As I strolled pleasantly among the floral beauties of the parterre and the hothouse - the graceful arums, the delicate and fragile monthly roses, the modest and luxuriant pansies, and the brilliant exotics, which even in early spring render Covent-garden the paradise of commerce, the images of the buttercups and their grey-haired guardian recurred many times, and ever with added force, to my imagination. By-and-by I began to doubt whether I had not done the old man an injustice in the estimate I had formed of him - whether, in fact, I was not myself the simpleton, and he the wiser man of the two. "Buttercups!" I again mentally ejaculated, "what are the associations connected with them, and what are the images they present to the Londoner pent up in the murky wilderness of brick? Is not the buttercup the first flower plucked by infant hands from the green bosom of bountiful mother earth? Are not the sweet memories of infancy and childhood, which are the purest poetry of man's troubled life, all floating magically in its little golden cup? Who does not remember-and who, remembering, would willingly forget?- his first ecstatic rambles in the yellow fields - yellow with buttercups, when he pulled the nodding flowers, and held the gleaming calyx beneath his little sister's chin, enraptured at the ruddy reflection from the flower; and then, with look demure and solemn, submitted his own face to the same mysterious experiment? Who does not remember the ravage he committed in the golden meadows, while he was yet a tottering plaything hardly higher than the tall grass in which he was half-buried, when, had he had but the power, he would have culled every flower of the field, and garnered them up for treasures? And how many thousands and tens of thousands are there among the weary workers of London, to whom these associations are dearer by far than any which could be called into existence by the most rare and gorgeous products of combined art and nature which wealth could procure?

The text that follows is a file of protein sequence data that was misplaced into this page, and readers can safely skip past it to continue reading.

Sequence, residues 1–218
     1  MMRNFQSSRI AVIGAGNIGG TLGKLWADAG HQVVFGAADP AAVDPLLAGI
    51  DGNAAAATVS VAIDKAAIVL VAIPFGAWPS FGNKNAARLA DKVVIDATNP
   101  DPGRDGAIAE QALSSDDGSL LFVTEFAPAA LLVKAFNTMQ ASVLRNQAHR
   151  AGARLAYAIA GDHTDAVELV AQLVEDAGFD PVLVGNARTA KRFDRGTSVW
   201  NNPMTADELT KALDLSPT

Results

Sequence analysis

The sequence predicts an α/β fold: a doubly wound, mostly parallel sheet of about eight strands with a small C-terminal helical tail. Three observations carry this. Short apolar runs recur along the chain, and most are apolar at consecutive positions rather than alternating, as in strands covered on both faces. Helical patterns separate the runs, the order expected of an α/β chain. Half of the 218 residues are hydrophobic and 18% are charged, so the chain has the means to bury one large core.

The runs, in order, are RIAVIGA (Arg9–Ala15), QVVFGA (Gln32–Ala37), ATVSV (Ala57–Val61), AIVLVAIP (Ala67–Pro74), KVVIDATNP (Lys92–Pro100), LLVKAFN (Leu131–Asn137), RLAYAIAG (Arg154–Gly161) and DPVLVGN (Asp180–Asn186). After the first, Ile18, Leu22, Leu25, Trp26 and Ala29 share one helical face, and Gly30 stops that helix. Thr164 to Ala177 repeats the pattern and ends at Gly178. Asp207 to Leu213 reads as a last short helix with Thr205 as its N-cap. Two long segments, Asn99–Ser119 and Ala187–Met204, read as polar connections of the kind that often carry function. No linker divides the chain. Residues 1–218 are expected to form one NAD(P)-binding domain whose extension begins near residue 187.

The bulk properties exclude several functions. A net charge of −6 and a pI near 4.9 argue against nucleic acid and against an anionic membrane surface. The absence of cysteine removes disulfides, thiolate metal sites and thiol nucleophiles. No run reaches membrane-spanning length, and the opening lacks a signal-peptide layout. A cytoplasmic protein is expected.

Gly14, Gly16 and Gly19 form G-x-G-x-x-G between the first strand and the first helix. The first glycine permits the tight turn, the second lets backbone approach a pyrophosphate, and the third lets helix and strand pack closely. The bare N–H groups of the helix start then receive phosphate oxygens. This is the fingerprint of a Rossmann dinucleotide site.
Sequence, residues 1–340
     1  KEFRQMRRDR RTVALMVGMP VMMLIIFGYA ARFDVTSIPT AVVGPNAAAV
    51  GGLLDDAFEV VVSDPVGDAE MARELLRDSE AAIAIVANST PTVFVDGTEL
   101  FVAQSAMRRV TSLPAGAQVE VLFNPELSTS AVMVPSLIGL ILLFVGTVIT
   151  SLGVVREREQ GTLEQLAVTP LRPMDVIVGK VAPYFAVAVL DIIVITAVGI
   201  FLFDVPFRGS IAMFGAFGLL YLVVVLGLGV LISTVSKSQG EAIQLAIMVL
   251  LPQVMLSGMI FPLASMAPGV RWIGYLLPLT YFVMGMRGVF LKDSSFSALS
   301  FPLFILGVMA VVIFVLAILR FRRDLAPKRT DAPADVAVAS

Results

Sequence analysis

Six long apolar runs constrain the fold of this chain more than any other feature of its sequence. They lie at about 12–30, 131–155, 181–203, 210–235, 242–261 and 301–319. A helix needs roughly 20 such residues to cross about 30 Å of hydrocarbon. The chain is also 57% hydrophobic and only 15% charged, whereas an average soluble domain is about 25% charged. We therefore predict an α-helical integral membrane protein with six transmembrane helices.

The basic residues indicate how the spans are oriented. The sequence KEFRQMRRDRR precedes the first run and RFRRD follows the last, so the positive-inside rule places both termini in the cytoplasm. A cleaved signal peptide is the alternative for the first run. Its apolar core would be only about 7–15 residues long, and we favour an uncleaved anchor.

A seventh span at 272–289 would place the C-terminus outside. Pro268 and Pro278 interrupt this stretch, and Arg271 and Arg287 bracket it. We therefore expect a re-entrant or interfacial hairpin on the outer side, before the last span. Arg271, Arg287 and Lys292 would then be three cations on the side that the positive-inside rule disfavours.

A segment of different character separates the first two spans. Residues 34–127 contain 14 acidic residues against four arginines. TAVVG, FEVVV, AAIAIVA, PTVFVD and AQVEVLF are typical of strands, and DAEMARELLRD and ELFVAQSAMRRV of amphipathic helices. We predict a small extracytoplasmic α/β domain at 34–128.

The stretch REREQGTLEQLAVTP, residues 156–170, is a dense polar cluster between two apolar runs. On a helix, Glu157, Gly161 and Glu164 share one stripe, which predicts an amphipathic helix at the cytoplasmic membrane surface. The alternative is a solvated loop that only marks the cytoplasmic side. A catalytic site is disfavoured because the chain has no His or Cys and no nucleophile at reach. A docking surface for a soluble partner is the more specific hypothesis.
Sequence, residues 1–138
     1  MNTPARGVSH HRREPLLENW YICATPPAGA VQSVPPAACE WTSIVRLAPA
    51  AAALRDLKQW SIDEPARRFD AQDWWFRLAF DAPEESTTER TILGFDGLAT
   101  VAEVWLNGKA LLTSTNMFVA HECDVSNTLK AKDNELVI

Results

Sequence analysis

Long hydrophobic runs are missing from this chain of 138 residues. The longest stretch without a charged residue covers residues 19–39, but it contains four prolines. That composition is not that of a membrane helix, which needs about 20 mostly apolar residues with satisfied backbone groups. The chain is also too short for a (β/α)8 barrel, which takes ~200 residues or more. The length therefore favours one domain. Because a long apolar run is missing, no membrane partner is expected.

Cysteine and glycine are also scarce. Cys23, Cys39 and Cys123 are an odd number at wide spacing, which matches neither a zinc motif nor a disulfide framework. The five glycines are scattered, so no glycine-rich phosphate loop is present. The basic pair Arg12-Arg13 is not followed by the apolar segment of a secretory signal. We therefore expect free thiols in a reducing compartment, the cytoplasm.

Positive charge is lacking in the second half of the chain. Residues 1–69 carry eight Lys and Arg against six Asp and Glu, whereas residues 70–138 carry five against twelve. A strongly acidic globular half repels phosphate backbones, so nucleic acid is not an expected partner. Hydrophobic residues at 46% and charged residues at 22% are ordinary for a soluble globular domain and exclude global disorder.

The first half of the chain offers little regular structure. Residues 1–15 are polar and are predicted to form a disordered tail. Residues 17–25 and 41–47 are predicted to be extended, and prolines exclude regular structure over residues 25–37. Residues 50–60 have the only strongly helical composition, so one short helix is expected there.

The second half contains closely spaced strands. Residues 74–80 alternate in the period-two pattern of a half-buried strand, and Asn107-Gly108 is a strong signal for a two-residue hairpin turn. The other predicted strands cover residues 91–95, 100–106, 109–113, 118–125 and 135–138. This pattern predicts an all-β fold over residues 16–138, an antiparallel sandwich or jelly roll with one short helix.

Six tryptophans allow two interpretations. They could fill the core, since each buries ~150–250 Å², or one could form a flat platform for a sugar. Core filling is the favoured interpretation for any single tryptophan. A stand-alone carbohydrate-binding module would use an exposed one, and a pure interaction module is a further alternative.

Simpleton that I was - I had set down a profound practical philosopher for a mere dotard. The old man knew the secrets of the human heart better than I did. He was well aware that to the industrious country-bred mechanic, caged, perhaps for life, in the stony prison of the metropolis, the simple flower which brought once more within his dark and smoky dwelling the scenes and memories of infancy, would present attractions to which a penny would be light indeed in the balance; and that he should therefore find patrons and purchasers, as long as he could meet with men who had hearts in their bosoms and a few penny-pieces in their pockets.